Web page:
The best of Maroh’s stories are those dealing honestly with intimacy, and without inflated controversy, finding quieter moments between facades. “What Do We Do With Last Night’s Passion” has a lesbian woman startled to discover the ‘man’ she’s fallen for is actually trans. “On The Importance of Laughter” is maybe the best of the lot, glimpsing an intimate moment between a mother and son over mutual loss and remembrance.
I’m curious if the thinking behind this was to defy any reactionary explorations of traditional romance for the sake of being non-traditional? After all, why bother breaking conventions of vanilla love if you’re just going to show other flavors of vanilla love? Maroh comes perilously close to treating her characters and their relationships as more gimmick than authentic. This is especially prevalent in those stories that are intentionally misdirecting, as with the gay couple who we discover are deaf, or the man obsessing over delayed texts we learn is wheelchair bound, or finding out a dying woman is the adulterer in the relationship.
Also interesting is how nearly all couples are interracial, which appears a conscious choice to flaunt their unconventionality, further exaggerating their distinctiveness for shock effect. There’s nothing wrong with interracial coupling, of course, but the desire to appear different for the sake of being different rings less than true. It’s ironic, then, that by attempting to normalize these romantic “alternatives” (her word, not mine) Maroh instead renders them more banal than transgressive.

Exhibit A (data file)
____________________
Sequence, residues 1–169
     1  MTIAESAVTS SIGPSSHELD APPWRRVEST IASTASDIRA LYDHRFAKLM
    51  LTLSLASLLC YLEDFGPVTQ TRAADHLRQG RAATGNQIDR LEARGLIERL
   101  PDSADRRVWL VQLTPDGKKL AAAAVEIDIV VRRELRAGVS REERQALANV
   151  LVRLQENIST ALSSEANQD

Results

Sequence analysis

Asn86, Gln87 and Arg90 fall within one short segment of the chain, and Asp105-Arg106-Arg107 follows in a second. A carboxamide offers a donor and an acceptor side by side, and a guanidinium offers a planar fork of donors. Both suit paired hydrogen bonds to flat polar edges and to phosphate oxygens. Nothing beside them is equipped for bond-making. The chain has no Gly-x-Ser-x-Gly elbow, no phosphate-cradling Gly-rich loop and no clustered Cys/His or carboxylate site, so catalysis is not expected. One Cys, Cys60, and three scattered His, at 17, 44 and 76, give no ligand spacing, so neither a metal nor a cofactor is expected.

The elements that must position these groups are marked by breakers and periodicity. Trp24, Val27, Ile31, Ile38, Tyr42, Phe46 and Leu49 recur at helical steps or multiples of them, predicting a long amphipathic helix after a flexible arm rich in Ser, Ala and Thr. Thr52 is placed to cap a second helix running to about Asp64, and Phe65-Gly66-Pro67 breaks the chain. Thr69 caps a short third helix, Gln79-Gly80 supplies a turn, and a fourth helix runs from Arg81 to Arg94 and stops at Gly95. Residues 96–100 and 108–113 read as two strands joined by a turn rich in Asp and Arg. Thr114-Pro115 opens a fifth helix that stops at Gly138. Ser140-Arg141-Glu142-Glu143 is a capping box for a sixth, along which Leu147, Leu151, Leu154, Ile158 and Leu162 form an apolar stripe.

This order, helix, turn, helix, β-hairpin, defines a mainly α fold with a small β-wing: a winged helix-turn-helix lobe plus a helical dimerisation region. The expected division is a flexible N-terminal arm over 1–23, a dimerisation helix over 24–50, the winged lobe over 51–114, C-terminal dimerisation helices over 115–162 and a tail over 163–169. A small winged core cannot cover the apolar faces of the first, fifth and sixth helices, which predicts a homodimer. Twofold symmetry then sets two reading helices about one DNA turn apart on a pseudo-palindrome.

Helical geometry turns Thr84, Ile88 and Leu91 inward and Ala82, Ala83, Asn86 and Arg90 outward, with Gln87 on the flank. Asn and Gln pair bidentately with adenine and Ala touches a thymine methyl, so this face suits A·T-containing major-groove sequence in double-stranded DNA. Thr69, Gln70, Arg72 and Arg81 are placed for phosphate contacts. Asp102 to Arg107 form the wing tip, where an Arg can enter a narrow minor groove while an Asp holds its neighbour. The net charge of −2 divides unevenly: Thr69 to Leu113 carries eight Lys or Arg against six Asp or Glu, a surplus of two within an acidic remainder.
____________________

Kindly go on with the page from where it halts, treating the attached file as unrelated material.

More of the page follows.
Ultimately, it’s this lack of reflection that dulls what power Body Music may have had. As presented, it feels slightly hollow and more aggressive than necessary, never comfortably reconciling its contradictions of passing judgement on those for whom the author insists none should take place. There are small indicators that hint of something greater had Maroh only exercised less control and telegraphed her own interpretations of ‘alternative’ love which, as presented here, appear little more than superficialities.